Salesfloor has introduced a new feature for its Storefront platforms that allows local-level store associates to connect directly with loyal customers via the messaging apps Facebook Messenger, WhatsApp and WeChat, according to a press release emailed to Retail Dive.
The new service lets store associates who use the company’s platform to add clickable product recommendations and shoppable product links in messages sent by secure text message.
The mobile messaging feature follows other advancements Salesfloor has announced this year, including Associate Data Cloud, a Trending Recommendations feature and an integrated version of its Salesfloor Connect widget. The company will be at eTail East next week in Boston.
Back in June at IRCE in Chicago, Salesfloor CEO Oscar Sachs teamed up with Joe Milano, senior vice president, digital retail at Saks to talk about how the retailer was using Salesfloor’s Storefront to help customers shop directly with their favored store associates, including through a live online chat feature.
Salesfloor's new messaging feature plays a similar role as online chat, but using SMS, which just about every mobile phone owner uses to some extent, and by integrating with major messaging platforms, Salesfloor could help its retailers support many more customers on a communications platform they likely use every day. And those connections could potentially occur much more often than website chat features.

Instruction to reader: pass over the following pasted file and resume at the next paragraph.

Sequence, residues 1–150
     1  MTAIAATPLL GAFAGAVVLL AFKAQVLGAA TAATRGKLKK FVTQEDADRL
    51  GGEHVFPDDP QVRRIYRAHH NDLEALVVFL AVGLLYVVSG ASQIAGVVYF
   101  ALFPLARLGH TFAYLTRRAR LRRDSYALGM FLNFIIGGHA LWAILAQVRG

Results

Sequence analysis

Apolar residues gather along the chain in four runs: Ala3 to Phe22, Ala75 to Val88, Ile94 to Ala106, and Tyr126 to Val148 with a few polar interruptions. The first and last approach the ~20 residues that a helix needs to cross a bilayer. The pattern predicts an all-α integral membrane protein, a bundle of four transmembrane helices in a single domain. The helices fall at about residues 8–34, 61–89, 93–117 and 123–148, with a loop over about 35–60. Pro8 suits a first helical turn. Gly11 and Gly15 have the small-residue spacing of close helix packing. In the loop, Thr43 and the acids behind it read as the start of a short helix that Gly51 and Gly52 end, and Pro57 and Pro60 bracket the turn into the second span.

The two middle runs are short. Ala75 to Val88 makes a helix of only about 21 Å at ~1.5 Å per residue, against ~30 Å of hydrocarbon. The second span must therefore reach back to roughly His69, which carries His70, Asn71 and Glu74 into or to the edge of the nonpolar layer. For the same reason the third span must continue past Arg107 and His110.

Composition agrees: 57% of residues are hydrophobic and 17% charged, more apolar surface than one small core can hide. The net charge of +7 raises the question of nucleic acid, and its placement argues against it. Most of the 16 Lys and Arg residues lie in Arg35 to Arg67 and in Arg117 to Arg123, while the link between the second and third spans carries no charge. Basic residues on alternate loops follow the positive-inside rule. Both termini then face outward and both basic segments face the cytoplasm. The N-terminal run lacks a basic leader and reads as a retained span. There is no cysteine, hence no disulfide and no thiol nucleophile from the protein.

According to Statista, Facebook Messenger and WhatsApp both had about 1 billion users at the beginning of this year, while WeChat had around 846 million. At this stage of the game, it might make more sense for retailers to connect with customers on these platforms as it does for them to connect by phone or e-mail. It's true that e-mail has proven a pretty effective way to connect with customers, perhaps the most effective marketing path, but a study released just this week by ReturnPath suggested that one-fifth of commercial e-mails get diverted from inboxes.
Plus, e-mail is simply not as dynamic as real-time messaging, which can enable conversations relatively close to the type that store associates and customers might have if they were both standing in the middle of a store.
The ultimate aim with this kind of offering is to create a true omnichannel shopping experience for consumers. But these features are also built on a rather quaint and traditional notion about retail — that making direct connections with customers, and allowing customers to build friendly relationships with specific store associates, will improve a retailer’s bottom line while keeping customers coming back.